Design Ideas Submission Guide

-June 18, 2013

Please read this guide carefully before submitting your Design Idea to maximize its chance of being accepted.

One of the really cool things about EDN is the Design Ideas section, where readers can post their idea for a new circuit or system, and others can comment on it, suggesting improvements or pointing out flaws. One of the things we've heard from new EEs is their appreciation of the experienced engineers that they get the opportunity to work with. Well, in some small companies or specialized areas, EEs may not have that kind of opportunity. That’s where EDN’s Design Ideas come into play. Readers can post their ideas, and others can chime in on what works. And even the most grizzled and experienced among us have been known to learn a thing or two from a good Design Idea!

Have an idea that you want to get feedback on or score bragging rights for? Please follow the guidelines below, then submit your design.

Here is a list of FAQs to get you started:

What are Design Ideas?
Design Ideas are short, compact articles that solve design problems or display innovative ways to accomplish design tasks. The topic is up to you. We review articles that fall into virtually any technology area: analog or digital circuits, programmable logic, hardware-design languages, systems, programming tips, useful utilities, test equipment & techniques, power, and so on. The idea should be useful or innovative or tricky or educational. A Design Idea is not necessarily a complete engineering package. You don't have to submit a design for a complete system – just the idea that is the heart of your system.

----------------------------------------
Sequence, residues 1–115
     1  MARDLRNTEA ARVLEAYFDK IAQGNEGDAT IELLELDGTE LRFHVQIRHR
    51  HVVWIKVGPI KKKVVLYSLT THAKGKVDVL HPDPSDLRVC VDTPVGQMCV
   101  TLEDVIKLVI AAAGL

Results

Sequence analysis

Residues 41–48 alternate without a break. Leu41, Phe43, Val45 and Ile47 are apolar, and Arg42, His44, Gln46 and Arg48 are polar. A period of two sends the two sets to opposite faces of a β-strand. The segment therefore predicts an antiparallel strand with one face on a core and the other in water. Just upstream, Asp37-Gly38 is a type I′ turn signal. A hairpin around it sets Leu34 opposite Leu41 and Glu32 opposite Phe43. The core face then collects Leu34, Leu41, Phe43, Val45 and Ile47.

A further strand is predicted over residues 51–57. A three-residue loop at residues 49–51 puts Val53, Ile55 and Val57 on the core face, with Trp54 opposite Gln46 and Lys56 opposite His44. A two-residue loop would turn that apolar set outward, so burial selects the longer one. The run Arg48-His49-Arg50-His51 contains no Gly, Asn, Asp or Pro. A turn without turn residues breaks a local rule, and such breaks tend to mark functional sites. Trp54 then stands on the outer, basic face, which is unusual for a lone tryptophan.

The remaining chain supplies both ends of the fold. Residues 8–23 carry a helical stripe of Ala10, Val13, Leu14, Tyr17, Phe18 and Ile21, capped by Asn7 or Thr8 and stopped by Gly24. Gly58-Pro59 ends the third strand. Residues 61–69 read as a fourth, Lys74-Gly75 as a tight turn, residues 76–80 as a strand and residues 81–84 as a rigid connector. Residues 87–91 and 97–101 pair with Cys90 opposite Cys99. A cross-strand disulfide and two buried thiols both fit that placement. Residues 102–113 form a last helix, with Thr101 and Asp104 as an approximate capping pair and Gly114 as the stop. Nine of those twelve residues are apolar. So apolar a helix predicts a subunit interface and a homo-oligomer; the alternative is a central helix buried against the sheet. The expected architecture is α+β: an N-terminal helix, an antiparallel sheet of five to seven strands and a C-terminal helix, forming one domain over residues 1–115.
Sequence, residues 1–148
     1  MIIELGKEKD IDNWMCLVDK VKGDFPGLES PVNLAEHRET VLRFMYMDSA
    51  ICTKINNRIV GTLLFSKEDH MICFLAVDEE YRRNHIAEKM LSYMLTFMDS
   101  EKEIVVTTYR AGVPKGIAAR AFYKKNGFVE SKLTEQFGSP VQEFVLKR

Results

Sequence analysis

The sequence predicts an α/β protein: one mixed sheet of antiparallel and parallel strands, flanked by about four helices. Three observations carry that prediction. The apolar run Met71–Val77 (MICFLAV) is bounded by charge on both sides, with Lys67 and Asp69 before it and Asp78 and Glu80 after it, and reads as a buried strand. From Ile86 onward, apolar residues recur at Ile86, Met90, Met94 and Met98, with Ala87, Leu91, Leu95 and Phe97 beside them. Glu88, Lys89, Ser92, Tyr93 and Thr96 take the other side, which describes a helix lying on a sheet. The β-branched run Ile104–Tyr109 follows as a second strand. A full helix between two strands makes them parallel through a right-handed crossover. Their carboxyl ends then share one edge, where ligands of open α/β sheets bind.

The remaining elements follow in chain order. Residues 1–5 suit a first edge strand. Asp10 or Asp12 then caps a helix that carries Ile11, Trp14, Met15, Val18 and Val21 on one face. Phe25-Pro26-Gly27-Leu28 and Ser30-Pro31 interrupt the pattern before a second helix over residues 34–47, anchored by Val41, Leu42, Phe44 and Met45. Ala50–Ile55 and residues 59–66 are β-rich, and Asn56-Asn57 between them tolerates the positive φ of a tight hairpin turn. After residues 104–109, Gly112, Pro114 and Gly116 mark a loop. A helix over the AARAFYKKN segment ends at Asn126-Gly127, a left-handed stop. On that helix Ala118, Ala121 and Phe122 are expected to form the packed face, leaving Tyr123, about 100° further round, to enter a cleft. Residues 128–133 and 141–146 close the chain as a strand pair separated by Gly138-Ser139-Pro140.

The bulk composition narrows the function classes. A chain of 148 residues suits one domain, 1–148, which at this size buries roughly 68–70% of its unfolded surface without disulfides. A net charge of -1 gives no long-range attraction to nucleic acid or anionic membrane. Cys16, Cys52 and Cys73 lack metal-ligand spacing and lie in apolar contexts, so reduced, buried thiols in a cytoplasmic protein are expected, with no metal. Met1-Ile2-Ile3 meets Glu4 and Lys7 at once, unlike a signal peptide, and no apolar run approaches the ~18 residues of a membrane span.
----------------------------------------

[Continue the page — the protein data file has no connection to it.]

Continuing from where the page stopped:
Do I get paid for a Design Idea?
You bet. You won't get rich, but your idea will be read by hundreds of thousands of your colleagues around the world. If we publish your Design Idea, we'll send you a $200 cheque, but you can live off the fame for years (or so we've been told). And it may just help you land your next job.

Can I send in hand-drawn schematics?  
Yes, but only if they're very cleanly and well drawn (unless you're Bob Pease). Our art department won't be redrawing them, so that puts more responsibility on you. Hand-drawn or not:

  • Use North American-style symbols (e.g., a squiggly line for a resistor, not a rectangle).
  • Include IC pin numbers when appropriate.
  • Don't make 4-way connections.
  • Use standard component designators (R2, C3, Q1, IC1 or U1, etc.).
  • Make sure you include component values, ratings, and tolerances if needed, and if you have an unusual component in your design, tell us the manufacturer, source, materials, etc. For instance, if your design involves a homemade inductor, we'll need to know the core material, wire gauge, and the number of turns.
  • Make your schematics clean, logical, and consistent (e.g., if resistors are "k", capacitors should be "µ". Alternatively, "kΩ" and "µF". But don't mix "k" and "µF").
  • For program listings, include the source file.
  • Include any relevant design files.

What about images and CAD schematics?
We strongly encourage CAD-generated schematics. If you don't have access to commercial software, there are many free alternatives, such as:

On the web site, images can be 600 pixels wide, maximum. If you can make your schematic legible at this size, perfect. If not, we'll link it to a larger version. Don't worry about downsizing images. We do that.

Can I put hyperlinks to related content in my Design Idea?
Absolutely! Links to software downloads, related articles, additional technical information, white papers, and any related topic are strongly encouraged. Readers find them very helpful.

How long does it take to find out if my Design Idea is accepted?